High-level eruption at Sinabung volcano, ash to 12.9 km (40 000 feet) a.s.l., Indonesia

High-level eruption at Sinabung volcano, ash to 12.9 km (40 000 feet) a.s.l., Indonesia

A high-level eruption took place at Sinabung volcano on May 13, 2021. The Aviation Color Code was raised to Red at 19:35 UTC.

According to the Darwin VAAC, the volcanic ash is clearly identifiable on the latest satellite imagery, rising up to 12.9 km (40 000 feet) above sea level and moving NW at 20:20 UTC.

Height and movement were based on Himawari-8 satellite and model guidance.

The Alert Level remains at 3 (of 4).

Sinabung on May 11, 2021. Image credit: Nachelle Homestay

 

Sinabung on May 10, 2021. Image credit: Nachelle Homestay

The last major eruption at Sinabung volcano took place at 23:42 UTC on March 1, 2021, ejecting ash up to 12.2 km (40 000 feet) above sea level. It was the volcano's first major eruption since August 2020.

Sinabung woke up in 2010 after 4 centuries of sleep. Since then, at least 23 people have been killed and more than 30 000 displaced.

Eruption at Sinabung volcano on March 1, 2021. Credit: Nachelle Homestay

Eruption at Sinabung volcano on March 1, 2021. Credit: Nachelle Homestay

Eruption at Sinabung volcano on March 1, 2021. Credit: Nachelle Homestay

Eruption at Sinabung volcano on March 1, 2021. Credit: Nachelle Homestay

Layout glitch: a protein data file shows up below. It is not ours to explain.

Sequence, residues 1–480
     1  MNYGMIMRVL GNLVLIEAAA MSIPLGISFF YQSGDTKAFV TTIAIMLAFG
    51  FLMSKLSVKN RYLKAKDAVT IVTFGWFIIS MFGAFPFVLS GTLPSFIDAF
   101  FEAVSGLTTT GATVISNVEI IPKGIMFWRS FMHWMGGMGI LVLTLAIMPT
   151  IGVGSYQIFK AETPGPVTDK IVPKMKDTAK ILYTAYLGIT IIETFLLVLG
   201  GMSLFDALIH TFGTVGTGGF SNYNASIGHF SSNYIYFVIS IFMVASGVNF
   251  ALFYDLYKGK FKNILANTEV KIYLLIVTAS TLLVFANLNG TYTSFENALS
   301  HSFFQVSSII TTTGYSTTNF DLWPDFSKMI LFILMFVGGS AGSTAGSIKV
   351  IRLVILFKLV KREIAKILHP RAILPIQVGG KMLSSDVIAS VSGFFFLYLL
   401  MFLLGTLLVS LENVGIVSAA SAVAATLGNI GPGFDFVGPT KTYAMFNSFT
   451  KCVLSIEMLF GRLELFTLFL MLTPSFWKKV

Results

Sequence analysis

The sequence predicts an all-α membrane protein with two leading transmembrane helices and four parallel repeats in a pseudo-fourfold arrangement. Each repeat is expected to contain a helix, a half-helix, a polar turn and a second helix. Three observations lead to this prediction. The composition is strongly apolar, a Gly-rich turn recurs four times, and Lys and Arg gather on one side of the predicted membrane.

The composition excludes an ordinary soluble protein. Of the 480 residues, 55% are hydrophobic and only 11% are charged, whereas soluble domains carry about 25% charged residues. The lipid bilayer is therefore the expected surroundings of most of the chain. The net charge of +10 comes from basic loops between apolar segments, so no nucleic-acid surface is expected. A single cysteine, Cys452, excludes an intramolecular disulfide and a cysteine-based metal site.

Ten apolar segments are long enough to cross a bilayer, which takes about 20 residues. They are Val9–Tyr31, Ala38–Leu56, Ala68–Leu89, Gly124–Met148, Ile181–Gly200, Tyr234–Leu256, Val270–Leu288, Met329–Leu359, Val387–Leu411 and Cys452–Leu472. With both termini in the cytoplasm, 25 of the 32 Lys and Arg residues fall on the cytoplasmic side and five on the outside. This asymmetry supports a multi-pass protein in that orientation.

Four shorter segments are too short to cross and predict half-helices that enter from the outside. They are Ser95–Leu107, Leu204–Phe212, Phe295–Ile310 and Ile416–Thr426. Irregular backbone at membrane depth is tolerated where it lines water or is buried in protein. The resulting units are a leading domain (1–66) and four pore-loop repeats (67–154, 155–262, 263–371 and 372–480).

Eruption at Sinabung volcano on March 1, 2021. Credit: Nachelle Homestay

Geological summary

Gunung Sinabung is a Pleistocene-to-Holocene stratovolcano with many lava flows on its flanks. The migration of summit vents along a N-S line gives the summit crater complex an elongated form.

The youngest crater of this conical, 2 460 m (8 070 feet) high andesitic-to-dacitic volcano is at the southern end of the four overlapping summit craters.

An unconfirmed eruption was noted in 1881, and solfataric activity was seen at the summit and upper flanks in 1912.

No confirmed historical eruptions were recorded prior to explosive eruptions during August - September 2010 that produced ash plumes to 5 km (16 404 feet) above the summit. (GVP)

Featured image credit: JMA/Himawari-8


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